Saint Agatha: The Iconography

In Catania, Sicily, the natal day of St. Agatha, Virgin and Martyr. In the time of the Emperor Decius, under the judge Quinctianus, she was beaten, imprisoned, and tortured on the rack. Here breasts were cut off, and she was rolled on burning coals and potsherds. Finally she died in prison while praying to God. – Roman Martyrology for February 5

Portraits of St. Agatha in the West are readily identified by the presence of a platter holding her severed breasts, as at right. Sometimes she also holds the pincers used to remove them (example). In one image just one severed breast hangs by a cord from her fingers. Her hair is usually long and blond, as at right, and she often wears a diaphanous veil (example).

The veil may be due to her early portraiture in the East. In a 6th-century mosaic in the Euphrasian Basilica in Poreč, she is presented as a noblewoman in a veil. Her portrait in Monreale Cathedral gives her a veil and follows the Eastern tradition of having her hold a hand cross.


In the first part of Agatha's story, she spurns the pagan provost Quintianus' offer of marriage, so he consigns her to a brothel to soften her resolve. But the madam finds her intractable, so the provost calls her back to him, argues and threatens, and finally has her put in prison.

The next day he has her stretched on an equuleus (fourth picture at right), a device of whose nature many medieval writers and artists seem to have been blissfully unaware. Caxton renders the word as "a tree" (that is, a beam or pole), and most narrative images either make it a low gibbet (example) or, like the second picture at right, omit picturing the device at all.1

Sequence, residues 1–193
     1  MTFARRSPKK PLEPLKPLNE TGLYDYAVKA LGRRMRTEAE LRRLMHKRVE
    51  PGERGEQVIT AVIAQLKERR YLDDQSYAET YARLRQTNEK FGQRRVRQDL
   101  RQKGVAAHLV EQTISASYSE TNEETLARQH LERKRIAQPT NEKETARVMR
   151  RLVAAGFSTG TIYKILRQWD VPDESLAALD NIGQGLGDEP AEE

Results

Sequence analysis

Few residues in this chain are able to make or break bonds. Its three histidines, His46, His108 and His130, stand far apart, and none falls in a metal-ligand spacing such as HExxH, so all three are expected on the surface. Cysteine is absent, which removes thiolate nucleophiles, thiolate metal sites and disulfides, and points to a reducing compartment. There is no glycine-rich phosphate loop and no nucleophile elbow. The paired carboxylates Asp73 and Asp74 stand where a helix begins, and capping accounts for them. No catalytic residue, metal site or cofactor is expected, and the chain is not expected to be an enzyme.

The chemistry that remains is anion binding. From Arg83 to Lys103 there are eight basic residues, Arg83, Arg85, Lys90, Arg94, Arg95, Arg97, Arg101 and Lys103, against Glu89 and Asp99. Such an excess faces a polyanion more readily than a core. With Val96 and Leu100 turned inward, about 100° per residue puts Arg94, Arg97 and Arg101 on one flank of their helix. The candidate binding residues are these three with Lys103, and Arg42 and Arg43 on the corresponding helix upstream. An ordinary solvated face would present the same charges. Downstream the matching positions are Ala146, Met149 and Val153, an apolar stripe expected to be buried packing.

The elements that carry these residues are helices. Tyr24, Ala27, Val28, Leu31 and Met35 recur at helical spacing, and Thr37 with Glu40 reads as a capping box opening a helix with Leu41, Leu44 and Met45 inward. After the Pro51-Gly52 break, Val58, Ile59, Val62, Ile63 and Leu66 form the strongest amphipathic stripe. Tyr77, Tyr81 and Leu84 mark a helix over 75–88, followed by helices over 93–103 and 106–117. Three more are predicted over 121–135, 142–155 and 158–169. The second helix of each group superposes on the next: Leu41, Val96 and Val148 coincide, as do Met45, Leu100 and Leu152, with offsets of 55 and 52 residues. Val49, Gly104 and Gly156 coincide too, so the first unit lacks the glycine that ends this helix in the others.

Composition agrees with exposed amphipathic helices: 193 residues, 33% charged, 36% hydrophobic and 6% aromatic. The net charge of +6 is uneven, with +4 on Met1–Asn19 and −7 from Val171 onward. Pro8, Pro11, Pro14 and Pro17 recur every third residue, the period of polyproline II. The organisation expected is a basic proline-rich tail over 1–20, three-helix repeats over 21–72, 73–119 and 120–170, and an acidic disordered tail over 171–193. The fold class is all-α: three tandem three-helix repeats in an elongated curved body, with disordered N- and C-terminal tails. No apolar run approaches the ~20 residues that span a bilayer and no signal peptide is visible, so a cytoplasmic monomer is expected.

Both those images actually show Agatha at the next stage of her passion, the cutting off of her breasts, which is the most common element in the narrative images. The implement used is normally a pair of pincers, or sometimes two pair, as in the second picture at right.

When the saint still refuses to deny her faith, Quintianus orders that she be imprisoned without food, drink, or medicine for her wounds. At this point she is visited by St. Peter in the guise of an old man. In the Passio, Peter simply brings Agatha new breasts. But the Golden Legend's account from two or three centuries later is more complicated. Not recognizing Peter, Agatha refuses human healing because "I have my Lord Jesus Christ, and he by a single word can cure everything.…If he so wills, he can cure me instantly." Peter reveals himself, tells her she is healed in Jesus' name, and vanishes. It is not until then that she prays and finds that her breasts have been restored.

Despite the widespread influence of the Golden Legend, I have found only two images that follow faithfully this complex account of Agatha's cure, one by depicting the saint's refusal and one dramatizing Peter's reply. The few other images I have found, two by Alessandro Turchi and one by Giovanni Lanfranco (third picture at right), go with the earlier version in which Peter heals the saint directly.


In "Saint Agatha and the Sanctification of Sexual Violence" Martha Easton concedes that the "relationship between Agatha's torture and the Crucifixion allows the viewer to use the image as a means of religious contemplation" (Easton, 97), but she also explores a number of perhaps less healthy kinds of viewer response from feminist and Freudian viewpoints. Jill Burke's essay on Sebastiano's Passion of St. Agatha (second picture at right) argues that it was pornographic by design, heralding "a new genre of images, one that deliberately, and intention­ally, exploited equi­vocal – and sometimes contra­dictory – social notions about flesh, sexuality, and spirituality" (Burke, 492).